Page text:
Technische Universitaet Muenchen (TUM) researchers have used DNA origami to improve the capabilities of solid-state nanopores. They have combined new capabilities for sensing of single-molecules.
The researchers fitted DNA-based nanoscale cover plates on to solid-state nanopores. On these plates, DNA origami was used to form central apertures designed for different "gatekeeper" functions.
Bionanotechnology has enabled single-molecule sensitivity for performing label-free protein screening. Researchers belonging to Prof. Hendrik Dietz's group have been improving control over techniques used for DNA origami, while researchers belonging to Dr. Ulrich Rant's group have been investigating the techniques for solid-state nanopore sensors, wherein a biomolecule is made to pass through a hole, which is of nanometer scale, in a thin semiconductor slab. The research groups are collaborating for this study.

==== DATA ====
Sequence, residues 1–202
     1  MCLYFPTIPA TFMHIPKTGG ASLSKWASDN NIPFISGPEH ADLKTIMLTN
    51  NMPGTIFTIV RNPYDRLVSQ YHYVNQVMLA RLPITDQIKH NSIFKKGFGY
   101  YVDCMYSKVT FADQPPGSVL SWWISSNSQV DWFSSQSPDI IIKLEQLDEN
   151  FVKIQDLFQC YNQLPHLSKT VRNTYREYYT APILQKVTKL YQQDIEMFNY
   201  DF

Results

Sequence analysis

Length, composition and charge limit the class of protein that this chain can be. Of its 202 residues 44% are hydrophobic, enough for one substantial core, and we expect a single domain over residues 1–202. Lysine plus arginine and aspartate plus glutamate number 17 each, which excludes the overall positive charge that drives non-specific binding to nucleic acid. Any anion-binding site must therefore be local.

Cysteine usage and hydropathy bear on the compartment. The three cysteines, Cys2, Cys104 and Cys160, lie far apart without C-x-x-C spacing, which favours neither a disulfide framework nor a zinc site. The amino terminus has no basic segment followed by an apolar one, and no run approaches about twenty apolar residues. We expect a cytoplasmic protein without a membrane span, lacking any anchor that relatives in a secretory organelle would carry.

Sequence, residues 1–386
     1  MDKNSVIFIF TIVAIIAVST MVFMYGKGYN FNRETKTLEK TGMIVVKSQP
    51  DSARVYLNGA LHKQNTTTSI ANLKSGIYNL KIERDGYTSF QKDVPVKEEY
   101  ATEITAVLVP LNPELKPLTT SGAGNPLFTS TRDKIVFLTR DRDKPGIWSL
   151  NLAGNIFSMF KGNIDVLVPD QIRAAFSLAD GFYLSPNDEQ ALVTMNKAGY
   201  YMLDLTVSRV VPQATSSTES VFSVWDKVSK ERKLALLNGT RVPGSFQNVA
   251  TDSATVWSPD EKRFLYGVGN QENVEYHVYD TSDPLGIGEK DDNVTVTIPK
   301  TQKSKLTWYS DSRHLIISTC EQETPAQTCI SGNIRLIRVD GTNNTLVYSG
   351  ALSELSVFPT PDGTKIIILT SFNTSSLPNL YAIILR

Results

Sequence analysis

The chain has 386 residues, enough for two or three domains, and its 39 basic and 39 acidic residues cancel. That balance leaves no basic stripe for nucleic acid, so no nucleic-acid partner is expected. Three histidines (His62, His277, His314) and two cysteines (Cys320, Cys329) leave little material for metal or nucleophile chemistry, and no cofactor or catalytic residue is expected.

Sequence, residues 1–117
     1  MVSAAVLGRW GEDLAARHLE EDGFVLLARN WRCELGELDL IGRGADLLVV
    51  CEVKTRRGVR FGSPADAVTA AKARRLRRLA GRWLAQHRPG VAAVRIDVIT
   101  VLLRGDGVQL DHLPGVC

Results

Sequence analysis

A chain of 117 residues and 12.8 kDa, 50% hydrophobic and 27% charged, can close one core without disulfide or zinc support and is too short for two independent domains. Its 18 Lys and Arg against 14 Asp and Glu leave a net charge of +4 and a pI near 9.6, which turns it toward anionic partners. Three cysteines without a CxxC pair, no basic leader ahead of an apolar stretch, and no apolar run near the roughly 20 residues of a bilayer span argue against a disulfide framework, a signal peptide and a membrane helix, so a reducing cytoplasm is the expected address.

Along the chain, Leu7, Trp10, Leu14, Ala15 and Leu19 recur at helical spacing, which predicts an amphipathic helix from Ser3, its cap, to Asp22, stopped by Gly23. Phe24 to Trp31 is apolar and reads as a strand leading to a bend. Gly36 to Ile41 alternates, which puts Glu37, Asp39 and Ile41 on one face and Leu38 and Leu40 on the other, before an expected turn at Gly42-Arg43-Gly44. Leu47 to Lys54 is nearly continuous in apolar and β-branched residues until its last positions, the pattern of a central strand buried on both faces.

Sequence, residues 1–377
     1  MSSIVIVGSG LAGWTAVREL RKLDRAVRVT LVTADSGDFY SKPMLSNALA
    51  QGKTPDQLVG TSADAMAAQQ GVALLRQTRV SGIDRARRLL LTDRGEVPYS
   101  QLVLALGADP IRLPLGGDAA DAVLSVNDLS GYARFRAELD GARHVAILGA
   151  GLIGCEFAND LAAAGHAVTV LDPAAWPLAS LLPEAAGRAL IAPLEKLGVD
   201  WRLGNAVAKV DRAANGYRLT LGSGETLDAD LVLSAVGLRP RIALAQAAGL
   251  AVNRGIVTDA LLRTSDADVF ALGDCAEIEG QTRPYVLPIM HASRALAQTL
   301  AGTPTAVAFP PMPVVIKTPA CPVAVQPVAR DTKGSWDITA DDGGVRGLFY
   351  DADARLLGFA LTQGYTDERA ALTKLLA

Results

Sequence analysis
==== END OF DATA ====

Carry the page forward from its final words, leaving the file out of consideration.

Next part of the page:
The concept involves placing a DNA origami "nanoplate" on top of a solid-state nanopore with a conical taper. The plate is placed over the narrow end of the taper. Controlling the aperture size will enable filtration of the desired size of molecules. Single-stranded DNA receptors are placed in the aperture to act as “bait” and this will enable the detection of "prey" molecules in a sequence-specific manner. This can lead to applications for detecting and screening DNA sequences.
The researchers confirmed the self-assembling ability of specially designed DNA origami nanoplates and their placement on solid-state nanopores. Bait/prey detection of particular target molecules and biomolecule size-based filtering were demonstrated.
The ability of DNA origami gatekeepers to allow the passage of small ions may also be an unwanted leakage current in certain applications. DNA sequencing and other applications may have to face such hurdles.
The study was published in Angewandte Chemie International Edition.